I live and breathe small business and derive great satisfaction in advising clients in the mid-market. Small business is the powerhouse of the Australian economy, contributing approximately 30 percent to GDP.
Founders of SMEs are often innovative visionaries who are not afraid to take risks. I have enormous respect for the way they develop what started out as a dream, a hobby or part-time project into a flourishing enterprise.
Cash flow has always been a significant problem to smaller enterprises and late payments have had consistent negative impact.
The Xero Small Business Insights gives some cause for optimism, as the trend towards late payments appears to be decreasing. According to the figures, derived from the SMEs in the Xero database, the average number of days for enterprises to be paid (based on 30-day invoicing), was 36.2. This is down from the same time last year, when 45 days was the average for small businesses to be paid.
There are also regional variations: the ACT pays the quickest, with average payments occurring at 31.09 days; South Australia is the slowest, with payments taking almost 39 days.
Xero’s report echoes trends announced recently by the Australian Small Business and Family Enterprise Ombudsman, Kate Carnell. Data released from her office in August showed that late payments fell during the second quarter of 2017 by 4.6 percent, while prompt payments rose sharply.
On average, just over two-thirds or 63.8 percent of Australian businesses paid their bills on time. However, just 12 percent of ASX-listed companies paid on time, compared with almost 34 percent of non ASX-listed companies.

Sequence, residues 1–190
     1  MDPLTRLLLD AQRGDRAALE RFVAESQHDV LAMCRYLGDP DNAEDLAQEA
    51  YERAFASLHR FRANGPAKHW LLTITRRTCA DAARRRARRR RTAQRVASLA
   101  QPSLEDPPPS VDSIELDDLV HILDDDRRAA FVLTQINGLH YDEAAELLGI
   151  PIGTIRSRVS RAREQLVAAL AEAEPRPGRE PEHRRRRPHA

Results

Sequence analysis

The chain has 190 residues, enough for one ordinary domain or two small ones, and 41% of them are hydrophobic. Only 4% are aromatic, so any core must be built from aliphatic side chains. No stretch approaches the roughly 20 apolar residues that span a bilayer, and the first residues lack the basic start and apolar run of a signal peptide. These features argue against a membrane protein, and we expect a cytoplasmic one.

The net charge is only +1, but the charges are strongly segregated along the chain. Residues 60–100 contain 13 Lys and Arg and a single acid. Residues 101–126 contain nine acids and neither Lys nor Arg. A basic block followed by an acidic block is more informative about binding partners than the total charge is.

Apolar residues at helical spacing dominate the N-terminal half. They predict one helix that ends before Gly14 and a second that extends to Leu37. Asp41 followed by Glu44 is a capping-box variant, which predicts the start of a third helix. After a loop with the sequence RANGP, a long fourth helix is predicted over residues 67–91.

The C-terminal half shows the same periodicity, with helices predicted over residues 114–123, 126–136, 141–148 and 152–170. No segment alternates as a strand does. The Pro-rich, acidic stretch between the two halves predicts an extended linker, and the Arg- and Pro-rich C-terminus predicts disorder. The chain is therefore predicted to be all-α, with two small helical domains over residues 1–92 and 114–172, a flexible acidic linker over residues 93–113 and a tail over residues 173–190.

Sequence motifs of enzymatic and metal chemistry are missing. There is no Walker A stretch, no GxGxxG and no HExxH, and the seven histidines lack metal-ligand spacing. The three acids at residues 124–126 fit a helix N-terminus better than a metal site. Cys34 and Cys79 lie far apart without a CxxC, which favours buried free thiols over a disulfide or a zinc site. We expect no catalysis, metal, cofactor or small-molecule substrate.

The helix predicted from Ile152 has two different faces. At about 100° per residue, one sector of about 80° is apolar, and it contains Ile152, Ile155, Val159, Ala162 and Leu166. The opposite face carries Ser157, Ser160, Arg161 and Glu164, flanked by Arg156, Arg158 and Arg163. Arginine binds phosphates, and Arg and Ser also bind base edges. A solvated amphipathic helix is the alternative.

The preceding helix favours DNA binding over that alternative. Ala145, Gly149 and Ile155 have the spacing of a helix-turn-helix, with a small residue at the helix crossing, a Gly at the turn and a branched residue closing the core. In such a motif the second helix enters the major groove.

Good news then, but there is still cause for concern. Not only do late payments squeeze smaller companies so tightly that many will not survive, but they illustrate a particularly insidious form of power play.
The commercial and psychological imbalance of power between larger companies putting pressure on smaller ones, which have little or no recourse in such situations, is a well-known phenomenon.
Many small enterprises just cannot cope with a lack of cash flow, especially if they do not have stable and reliable sources of capital. Late payments result in lower working capital and ultimately poorer profitability, not to mention increased anxiety and stress amongst the owners of the business.
It also creates a poor business environment, making it difficult for the mid-market to thrive.
What can SMEs do in such a situation? The first thing is to obtain the right advice on how to manage their circumstances, not only from a legal perspective but more pragmatically from a commercial standpoint.
They need to resolve how to manage cash flow implications; where to source alternative forms of capital; where value can be locked into the business and how it can be liberated; and in the worst-case scenario, how to stave off insolvency.
With the right strategies in place, late payments need not sound the death-knell for an enterprise. Hopefully, a paradigm shift in the attitude of big business towards the mid-market will also follow, which will greatly add to the SME sector’s longevity and positive contribution to Australia’s economy.
Read the full Xero Small Business Insights report